Political crisis in Egypt hardly even whispered in the conference hall in Mumbai...
As Indian IT trade association Nasscom's annual conference begins in Mumbai, any thought that the world of global IT services would be preoccupied by the political crisis in Egypt has proved unfounded, says Mark Kobayashi-Hillary.
Today marked the beginning of trade association Nasscom's annual conference in Mumbai. Nasscom represents everything hi-tech in India. Although its annual conference used to be dominated by Indian technology suppliers, and therefore be all about offshoring, these days there are representatives from more than 35 countries, all talking up the IT business in their corner of the world.
When I arrived at the event, I thought the world of global IT services had two key issues: the sluggish return to growth in many developed economies where customers of IT firms have traditionally been found, and the political crisis in Egypt.
With countries such as Egypt and Tunisia struggling to maintain political and civic stability, they are not going to be top of the list for any future CIOs thinking of where to locate their offshore team.
But I was wrong. Egypt has hardly even been whispered in the conference hall, apart from when I met one of the team tasked with making Egypt look like an attractive proposition, and we enjoyed a chat about the issues faced by North Africa and the Middle East.
Don't get me wrong. I'm all for popular uprisings that challenge dictators, but in this context I'm thinking about multinational companies locating facilities around the world. It seems to me as if we have reduced the weighting of political risk when selecting countries to work in. But if I am honest, no one wanted to talk about that subject at Nasscom today.
I interviewed a large number of people today - including several chief executives - and the topics concerning them are:
- There was a strong pipeline recovery in 2010. It's not just confidence about growth, there are real contracts on the table now, but business-process outsourcing is growing a lot more slowly than IT outsourcing.
- All the service providers are talking about offering platforms, not projects, to their customers. They want to offer a complete business solution, not just a piece of kit and some software.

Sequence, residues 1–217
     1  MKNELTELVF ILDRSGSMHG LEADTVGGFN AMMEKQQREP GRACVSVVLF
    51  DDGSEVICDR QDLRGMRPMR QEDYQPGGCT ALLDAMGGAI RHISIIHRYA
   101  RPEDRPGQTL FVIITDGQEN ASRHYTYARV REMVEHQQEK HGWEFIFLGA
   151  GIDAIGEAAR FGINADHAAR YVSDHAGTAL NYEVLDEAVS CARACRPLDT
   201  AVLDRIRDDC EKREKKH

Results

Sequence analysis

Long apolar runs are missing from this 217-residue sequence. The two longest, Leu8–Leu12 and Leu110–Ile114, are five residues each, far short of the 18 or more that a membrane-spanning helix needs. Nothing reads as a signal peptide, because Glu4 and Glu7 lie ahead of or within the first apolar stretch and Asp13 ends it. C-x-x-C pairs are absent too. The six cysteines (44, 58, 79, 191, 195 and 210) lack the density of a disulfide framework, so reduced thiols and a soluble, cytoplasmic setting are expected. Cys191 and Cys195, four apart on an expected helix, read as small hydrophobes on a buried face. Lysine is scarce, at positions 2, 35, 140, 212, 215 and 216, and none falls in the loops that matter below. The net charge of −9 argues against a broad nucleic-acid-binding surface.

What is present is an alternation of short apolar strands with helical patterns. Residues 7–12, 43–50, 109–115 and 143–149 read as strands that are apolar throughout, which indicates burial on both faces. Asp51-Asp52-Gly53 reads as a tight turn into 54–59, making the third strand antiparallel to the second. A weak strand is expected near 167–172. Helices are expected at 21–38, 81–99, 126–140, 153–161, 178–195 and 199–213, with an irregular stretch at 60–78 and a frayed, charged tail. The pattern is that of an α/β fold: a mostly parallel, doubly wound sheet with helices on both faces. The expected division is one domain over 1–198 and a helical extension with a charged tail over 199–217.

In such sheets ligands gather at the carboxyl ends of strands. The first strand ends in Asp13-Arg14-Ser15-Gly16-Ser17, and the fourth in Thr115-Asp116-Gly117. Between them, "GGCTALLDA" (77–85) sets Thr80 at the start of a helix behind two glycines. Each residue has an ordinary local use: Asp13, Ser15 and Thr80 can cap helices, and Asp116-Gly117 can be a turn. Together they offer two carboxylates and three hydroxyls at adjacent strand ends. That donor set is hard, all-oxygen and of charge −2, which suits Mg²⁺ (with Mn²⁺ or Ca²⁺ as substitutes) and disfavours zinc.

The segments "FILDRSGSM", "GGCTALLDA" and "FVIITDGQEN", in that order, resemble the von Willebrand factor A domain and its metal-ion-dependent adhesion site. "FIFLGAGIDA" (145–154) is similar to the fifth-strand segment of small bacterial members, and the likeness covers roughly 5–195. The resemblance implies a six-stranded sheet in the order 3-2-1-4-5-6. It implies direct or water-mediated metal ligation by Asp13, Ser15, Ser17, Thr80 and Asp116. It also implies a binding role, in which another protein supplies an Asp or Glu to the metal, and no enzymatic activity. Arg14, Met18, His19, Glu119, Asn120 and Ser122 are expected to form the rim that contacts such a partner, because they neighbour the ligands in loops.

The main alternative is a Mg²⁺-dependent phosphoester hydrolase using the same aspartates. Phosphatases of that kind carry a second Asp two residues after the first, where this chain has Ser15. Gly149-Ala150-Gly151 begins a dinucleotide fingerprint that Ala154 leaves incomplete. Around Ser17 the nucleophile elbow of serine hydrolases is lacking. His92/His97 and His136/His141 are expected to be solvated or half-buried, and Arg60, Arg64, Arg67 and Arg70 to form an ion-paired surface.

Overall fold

- Senior executives disagree violently about the impact of the cloud, with some thinking it has no impact on their business at all - generally where they are in customer services employing a lot of people - and some thinking it will revolutionise services.
- There is a clear focus on multinational delivery sites - real globalisation of services, rather than just offshoring IT to the lowest cost location. Locations pitching for contracts have to demonstrate a value add to the business beyond just a lower price these days.
- The quote of the day was probably from CEO of NIIT Technologies, Arvind Thakur, who said the IT services industry is moving from a lift-and-shift model to one where these companies innovate and serve. That view nicely summarises the move away from offshoring.
It's true that the industry itself is maturing. IT firms have realised how vital they are to the survival of their clients and their combined business, and IT expertise is now a crucial market differentiator. As Thakur indicated, an IT firm can no longer just hack together one project after another, they need to be a trusted partner actually suggesting new ways of doing business because of IT developments.
There are two more days to go. I have about a dozen interviews lined up tomorrow and I'm going to meet some country representatives to hear what different regions around the world can offer - and what they have that India doesn't.
I still think the question of political risk will come up when I talk to these executives tomorrow. When a government cuts the internet and telephone lines, and when senior executives disappear, it's time to start revising those guidelines on who offers the best combination of expertise, stability and price.
Mark Kobayashi-Hillary is the author of Who Moved my Job? and Global Services. He lectures at London South Bank University.